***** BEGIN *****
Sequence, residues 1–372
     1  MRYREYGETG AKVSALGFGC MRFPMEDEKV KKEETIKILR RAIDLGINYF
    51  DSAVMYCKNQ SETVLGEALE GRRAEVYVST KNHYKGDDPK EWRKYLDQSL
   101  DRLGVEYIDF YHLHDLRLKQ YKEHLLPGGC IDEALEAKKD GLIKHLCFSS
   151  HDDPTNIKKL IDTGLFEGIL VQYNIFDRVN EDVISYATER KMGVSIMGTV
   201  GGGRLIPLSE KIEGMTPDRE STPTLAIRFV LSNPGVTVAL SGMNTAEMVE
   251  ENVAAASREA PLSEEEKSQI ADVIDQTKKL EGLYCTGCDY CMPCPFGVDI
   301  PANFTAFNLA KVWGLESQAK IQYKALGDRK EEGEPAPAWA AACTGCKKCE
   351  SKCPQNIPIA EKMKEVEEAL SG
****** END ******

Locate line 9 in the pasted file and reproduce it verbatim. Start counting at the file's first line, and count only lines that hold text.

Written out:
   351  SKCPQNIPIA EKMKEVEEAL SG